2 Pampanga bishops’ plea: Don’t be indifferent to killings
CITY OF SAN FERNANDO—Two Catholic bishops in Pampanga province have spoken against the killings that are taking place alongside the government’s bloody campaign to stop the proliferation of illegal drugs.
Speaking at the 60th anniversary of the canonical coronation of the Virgen de los Remedios (Our Lady of Remedies) here on Thursday, San Fernando Archbishop Florentino Lavarias described the national drug menace as a “big problem” because it has shattered the peace in communities and families, and destroyed the lives of the youth.
Year of mercy, love
He reminded some 10,000 Catholics that 2016 was a year of mercy and love in Christendom.
“I pray that we don’t become indifferent to the killings,” said Lavarias, who heads the Archdiocese of San Fernando’s suffragans in Bataan, Tarlac and Zambales.
“There is this young girl who was asked why her cat died and she replied, ‘It is because she fought back,’” he said, using the reason often given by the police when a drug suspect was killed.
“But that is not OK. I hope God disturbs us,” he said.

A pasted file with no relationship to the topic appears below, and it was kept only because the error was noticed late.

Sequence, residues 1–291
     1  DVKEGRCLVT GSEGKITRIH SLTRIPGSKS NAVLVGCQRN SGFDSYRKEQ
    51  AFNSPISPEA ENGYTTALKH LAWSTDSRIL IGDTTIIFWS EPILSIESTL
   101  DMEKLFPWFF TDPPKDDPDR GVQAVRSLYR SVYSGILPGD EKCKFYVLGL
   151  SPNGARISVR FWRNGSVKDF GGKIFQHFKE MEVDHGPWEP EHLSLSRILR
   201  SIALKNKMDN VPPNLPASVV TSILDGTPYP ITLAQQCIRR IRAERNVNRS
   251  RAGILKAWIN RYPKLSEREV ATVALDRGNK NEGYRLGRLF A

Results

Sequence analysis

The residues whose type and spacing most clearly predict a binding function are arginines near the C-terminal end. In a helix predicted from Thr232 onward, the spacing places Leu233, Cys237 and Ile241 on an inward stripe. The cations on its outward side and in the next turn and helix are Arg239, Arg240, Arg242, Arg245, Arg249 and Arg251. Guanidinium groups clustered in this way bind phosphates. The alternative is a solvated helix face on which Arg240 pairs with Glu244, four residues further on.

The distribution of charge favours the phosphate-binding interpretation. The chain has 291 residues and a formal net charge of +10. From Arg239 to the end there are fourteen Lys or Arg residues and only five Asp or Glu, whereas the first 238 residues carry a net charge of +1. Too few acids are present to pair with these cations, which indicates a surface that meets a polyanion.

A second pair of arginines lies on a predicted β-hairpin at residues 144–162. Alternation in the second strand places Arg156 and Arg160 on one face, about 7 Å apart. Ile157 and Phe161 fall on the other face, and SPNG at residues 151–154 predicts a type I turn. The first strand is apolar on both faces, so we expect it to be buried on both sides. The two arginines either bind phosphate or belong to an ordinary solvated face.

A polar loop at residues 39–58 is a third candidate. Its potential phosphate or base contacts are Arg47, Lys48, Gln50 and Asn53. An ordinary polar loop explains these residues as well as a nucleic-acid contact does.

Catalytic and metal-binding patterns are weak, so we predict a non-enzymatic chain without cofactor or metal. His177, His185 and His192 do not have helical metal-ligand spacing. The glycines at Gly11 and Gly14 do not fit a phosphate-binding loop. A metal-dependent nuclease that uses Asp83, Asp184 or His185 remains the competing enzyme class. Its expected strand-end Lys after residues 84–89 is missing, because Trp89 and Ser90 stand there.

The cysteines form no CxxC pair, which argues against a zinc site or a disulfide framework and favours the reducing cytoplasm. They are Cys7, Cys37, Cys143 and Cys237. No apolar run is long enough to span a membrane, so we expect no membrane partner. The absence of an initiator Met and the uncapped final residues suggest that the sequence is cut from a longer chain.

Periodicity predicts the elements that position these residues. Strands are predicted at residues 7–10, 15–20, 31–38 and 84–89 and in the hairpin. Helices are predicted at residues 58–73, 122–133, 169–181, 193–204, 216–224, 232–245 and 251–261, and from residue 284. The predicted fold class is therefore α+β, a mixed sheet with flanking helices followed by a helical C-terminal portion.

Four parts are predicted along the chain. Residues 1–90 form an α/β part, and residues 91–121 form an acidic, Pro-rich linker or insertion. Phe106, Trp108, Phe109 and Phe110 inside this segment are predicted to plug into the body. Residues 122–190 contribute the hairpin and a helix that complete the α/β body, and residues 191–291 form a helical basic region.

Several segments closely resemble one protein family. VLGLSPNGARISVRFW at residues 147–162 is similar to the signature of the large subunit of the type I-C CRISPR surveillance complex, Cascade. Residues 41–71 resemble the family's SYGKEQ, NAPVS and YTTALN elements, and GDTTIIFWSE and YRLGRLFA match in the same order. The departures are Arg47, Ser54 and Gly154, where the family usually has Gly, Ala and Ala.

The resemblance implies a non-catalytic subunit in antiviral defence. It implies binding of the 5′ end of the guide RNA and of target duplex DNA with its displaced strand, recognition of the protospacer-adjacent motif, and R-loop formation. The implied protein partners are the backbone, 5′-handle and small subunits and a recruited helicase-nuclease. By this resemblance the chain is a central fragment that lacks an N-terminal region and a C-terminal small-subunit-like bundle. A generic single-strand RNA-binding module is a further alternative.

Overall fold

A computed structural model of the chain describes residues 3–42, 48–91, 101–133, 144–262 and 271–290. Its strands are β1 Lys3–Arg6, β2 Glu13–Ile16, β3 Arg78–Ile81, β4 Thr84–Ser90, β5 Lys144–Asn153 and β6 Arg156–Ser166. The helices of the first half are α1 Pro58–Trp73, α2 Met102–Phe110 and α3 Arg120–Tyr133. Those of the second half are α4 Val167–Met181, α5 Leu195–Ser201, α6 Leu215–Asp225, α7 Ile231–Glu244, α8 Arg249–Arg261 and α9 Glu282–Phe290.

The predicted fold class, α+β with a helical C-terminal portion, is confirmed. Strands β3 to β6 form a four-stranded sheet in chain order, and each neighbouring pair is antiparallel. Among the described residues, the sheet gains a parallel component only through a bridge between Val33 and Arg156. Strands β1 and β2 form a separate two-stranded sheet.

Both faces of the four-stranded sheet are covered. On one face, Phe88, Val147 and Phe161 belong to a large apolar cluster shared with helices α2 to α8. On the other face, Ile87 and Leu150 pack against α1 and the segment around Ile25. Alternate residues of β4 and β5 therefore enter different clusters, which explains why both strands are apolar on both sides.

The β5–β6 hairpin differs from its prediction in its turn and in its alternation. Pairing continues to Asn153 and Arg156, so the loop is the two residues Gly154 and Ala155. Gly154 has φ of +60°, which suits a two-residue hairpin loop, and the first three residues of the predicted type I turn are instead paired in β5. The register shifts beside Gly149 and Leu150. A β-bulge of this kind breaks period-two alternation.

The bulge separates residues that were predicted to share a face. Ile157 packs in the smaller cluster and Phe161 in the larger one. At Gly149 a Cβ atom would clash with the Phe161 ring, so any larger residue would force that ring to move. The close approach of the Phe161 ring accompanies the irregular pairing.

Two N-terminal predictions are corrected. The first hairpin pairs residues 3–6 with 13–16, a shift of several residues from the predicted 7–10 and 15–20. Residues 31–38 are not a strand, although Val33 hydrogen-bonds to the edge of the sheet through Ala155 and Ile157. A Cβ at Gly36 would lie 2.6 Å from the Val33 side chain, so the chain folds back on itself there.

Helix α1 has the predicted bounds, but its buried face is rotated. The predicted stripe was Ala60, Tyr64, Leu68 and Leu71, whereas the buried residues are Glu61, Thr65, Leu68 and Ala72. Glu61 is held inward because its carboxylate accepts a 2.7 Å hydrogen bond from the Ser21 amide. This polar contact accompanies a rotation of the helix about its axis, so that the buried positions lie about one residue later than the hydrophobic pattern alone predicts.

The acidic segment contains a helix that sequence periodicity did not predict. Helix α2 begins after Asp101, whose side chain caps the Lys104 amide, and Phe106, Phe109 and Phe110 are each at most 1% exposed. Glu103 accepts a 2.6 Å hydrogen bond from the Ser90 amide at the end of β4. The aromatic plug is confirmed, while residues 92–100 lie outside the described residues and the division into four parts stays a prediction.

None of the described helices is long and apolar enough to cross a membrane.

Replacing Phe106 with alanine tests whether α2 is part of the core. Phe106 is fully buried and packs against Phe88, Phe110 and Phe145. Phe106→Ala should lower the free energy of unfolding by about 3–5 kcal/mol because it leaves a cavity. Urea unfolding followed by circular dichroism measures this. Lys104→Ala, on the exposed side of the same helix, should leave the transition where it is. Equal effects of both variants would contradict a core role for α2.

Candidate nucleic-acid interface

He did not mention President Duterte nor did he describe the deaths as extrajudicial killings.
Since the Duterte administration began the crackdown on illegal drugs in July, the Philippine National Police has documented 1,672 deaths, of which 1,805 are under investigation. So far, 281 cases have been filed, according to PNP Director General Ronald dela Rosa.
At the end of the Mass, Archbishop Emeritus Paciano Aniceto emphasized the need to “respect the sacredness of life.”
Both Lavarias and Aniceto suggested charity as a way of improving the lives of the poor, the same path offered by the late Bishop Cesar Ma. Guerrero when he began the crusade of penance and charity in 1952 to end social unrest in the province.
Subscribe to our daily newsletter
Subscribe to INQUIRER PLUS to get access to The Philippine Daily Inquirer & other 70+ titles, share up to 5 gadgets, listen to the news, download as early as 4am & share articles on social media. Call 896 6000.